Business Irish

Sunday 15 December 2019

Aer Lingus suffers passenger decline


Aer Lingus carried 927,000 passengers last month, a 3.4pc decline on the number it carried in September last year, according to figures released by the airline yesterday.

The continuing fall in numbers comes as the carrier has cut capacity as part of its bid to return to profitability by improving its yields. Its overall load factor, or percentage of seats it filled on its aircraft, rose 3.5 points to 81pc. The load factor on long-haul services for the month was 81.8pc, up 10.2 percentage points.

Hoteliers ask State for loan guarantee


The Irish Hotel Federation (IHF) said its members are trading at a big disadvantage to hotels north of the Border, as banks are refusing to lend to hotels in the Republic. The IHF has called on the Government to introduce a UK-style loan guarantee for all SMEs, that would see the State pay back 50pc of eligible bank loans in the event of default.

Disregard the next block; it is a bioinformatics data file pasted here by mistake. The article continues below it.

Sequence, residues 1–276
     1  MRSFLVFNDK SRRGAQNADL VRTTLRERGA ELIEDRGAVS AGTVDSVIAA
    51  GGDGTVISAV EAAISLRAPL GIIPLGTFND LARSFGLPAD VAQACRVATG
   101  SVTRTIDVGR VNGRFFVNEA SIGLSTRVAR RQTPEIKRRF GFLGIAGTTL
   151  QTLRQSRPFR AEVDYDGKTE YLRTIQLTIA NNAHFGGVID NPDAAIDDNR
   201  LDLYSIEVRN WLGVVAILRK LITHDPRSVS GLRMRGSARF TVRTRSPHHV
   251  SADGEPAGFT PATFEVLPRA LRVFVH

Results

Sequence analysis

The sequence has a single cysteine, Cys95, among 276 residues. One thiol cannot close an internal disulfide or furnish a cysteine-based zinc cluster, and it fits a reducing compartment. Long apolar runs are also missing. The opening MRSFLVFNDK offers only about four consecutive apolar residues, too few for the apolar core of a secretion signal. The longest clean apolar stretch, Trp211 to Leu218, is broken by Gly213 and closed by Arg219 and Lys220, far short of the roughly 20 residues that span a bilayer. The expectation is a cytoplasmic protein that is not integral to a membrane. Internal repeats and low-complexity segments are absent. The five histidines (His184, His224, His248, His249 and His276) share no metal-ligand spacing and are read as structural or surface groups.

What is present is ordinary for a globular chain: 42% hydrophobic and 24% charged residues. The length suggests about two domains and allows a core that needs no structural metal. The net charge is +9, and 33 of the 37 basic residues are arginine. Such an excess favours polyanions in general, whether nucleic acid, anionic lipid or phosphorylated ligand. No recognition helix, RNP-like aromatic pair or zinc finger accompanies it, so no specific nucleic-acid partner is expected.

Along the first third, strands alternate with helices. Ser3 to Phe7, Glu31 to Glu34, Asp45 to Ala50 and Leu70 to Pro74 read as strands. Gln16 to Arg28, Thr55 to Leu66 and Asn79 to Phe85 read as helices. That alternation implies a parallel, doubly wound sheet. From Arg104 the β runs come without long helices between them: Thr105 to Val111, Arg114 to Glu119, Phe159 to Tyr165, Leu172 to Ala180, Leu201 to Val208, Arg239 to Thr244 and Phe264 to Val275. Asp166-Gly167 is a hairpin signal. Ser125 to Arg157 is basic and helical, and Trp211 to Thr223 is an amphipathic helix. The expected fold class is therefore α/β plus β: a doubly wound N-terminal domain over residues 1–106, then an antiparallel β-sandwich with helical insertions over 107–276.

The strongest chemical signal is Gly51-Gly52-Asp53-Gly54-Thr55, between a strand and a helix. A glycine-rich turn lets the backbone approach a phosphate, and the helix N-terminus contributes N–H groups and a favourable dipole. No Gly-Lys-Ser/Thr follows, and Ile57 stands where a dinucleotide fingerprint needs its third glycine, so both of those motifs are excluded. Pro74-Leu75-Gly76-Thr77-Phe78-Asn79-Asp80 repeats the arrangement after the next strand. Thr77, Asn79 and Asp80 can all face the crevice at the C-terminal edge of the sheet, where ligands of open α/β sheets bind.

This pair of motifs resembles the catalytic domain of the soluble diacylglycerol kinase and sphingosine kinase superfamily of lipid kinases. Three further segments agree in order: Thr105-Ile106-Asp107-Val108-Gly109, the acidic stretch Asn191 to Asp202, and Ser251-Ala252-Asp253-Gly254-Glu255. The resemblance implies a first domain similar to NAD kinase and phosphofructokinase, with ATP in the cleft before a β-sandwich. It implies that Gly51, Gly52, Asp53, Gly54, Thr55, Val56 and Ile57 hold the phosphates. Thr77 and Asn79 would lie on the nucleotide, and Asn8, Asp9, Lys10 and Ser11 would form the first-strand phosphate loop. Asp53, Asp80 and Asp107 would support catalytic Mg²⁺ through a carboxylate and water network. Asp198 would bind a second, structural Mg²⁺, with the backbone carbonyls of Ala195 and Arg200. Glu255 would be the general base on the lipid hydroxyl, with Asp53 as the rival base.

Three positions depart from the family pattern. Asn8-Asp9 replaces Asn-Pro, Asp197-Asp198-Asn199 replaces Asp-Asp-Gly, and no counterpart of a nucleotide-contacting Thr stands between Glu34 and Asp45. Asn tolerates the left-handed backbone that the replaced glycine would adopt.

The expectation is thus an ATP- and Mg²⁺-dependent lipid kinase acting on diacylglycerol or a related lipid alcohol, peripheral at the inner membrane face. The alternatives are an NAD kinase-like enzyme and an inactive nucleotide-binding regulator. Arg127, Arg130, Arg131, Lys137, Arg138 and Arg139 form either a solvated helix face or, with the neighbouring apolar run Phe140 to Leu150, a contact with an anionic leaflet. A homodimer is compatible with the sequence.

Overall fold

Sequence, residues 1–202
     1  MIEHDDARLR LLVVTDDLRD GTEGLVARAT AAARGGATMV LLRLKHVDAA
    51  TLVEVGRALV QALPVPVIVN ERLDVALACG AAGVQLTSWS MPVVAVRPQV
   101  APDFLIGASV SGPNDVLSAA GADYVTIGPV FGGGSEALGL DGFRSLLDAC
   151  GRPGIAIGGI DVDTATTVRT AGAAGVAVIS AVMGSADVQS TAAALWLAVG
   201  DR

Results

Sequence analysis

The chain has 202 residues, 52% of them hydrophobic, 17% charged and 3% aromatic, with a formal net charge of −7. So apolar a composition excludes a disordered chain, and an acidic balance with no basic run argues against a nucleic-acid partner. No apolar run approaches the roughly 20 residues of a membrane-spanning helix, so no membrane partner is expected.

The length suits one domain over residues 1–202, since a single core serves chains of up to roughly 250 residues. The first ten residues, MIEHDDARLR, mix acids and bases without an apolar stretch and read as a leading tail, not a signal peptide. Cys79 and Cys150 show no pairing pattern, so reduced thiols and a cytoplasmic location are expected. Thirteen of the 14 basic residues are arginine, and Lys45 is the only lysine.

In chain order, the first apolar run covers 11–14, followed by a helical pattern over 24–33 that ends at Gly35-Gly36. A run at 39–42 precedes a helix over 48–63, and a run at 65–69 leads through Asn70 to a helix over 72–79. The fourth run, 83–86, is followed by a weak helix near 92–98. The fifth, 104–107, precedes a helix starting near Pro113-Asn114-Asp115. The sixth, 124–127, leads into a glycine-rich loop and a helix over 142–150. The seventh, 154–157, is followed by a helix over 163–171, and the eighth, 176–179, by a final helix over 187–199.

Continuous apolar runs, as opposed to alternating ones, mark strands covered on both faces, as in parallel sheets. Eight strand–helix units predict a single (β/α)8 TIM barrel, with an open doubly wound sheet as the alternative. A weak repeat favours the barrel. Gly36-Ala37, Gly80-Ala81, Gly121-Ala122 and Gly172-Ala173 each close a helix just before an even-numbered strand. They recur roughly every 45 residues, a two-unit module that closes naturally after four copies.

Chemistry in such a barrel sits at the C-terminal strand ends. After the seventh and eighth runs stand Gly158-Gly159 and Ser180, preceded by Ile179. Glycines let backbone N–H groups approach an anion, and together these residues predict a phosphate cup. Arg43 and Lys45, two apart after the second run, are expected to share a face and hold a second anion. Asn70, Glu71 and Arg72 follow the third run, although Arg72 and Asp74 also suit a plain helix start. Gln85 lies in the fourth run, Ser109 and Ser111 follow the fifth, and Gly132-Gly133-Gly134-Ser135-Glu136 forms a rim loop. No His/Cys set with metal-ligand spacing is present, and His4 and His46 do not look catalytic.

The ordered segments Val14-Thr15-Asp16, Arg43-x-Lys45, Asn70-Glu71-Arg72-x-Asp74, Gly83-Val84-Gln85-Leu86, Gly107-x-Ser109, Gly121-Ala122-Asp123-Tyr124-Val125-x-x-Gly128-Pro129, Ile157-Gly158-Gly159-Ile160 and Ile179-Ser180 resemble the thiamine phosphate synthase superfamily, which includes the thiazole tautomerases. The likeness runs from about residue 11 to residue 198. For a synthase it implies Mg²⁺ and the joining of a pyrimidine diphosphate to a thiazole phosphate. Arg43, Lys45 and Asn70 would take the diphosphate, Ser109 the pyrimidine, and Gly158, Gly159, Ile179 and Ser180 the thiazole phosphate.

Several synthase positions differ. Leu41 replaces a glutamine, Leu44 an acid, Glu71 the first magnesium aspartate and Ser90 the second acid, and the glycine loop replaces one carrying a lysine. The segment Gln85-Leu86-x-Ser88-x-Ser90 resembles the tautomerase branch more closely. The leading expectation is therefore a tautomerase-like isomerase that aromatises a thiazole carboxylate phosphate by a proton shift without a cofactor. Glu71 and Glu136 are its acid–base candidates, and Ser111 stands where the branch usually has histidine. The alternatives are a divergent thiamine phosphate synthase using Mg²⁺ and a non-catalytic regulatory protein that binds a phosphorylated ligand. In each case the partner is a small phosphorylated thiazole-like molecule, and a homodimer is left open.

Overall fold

US jobless benefit claims down by 2pc


New claims for US unemployment benefits dropped last week by more than 2pc, confirming an improvement in the troubled labour market seen since mid-August, government data showed yesterday. Initial claims for the week ending October 2 fell to 445,000, a drop of 2.4pc from the previous week and the second consecutive week of decline, according to the Labour Department report. The previous week's claims figure was revised upward to 456,000, from 453,000.

German output up by surprise 1.7pc


Official figures show that German industrial output rose by a much-better-than-expected 1.7pc in August. The figures came after a surprise jump in orders boosted prospects for the entire euro zone economy. The monthly increase in output in Europe's biggest economy was far better than analyst forecasts of around 0.1pc.

Crude oil falls from five-month peak


Crude oil tumbled from a five-month high after the dollar rebounded versus the euro and US equities declined, wiping out an early advance. Oil headed for the biggest drop in three weeks as the greenback climbed against the common currency for the first time in three days, reducing the appeal of commodities.

Irish Independent

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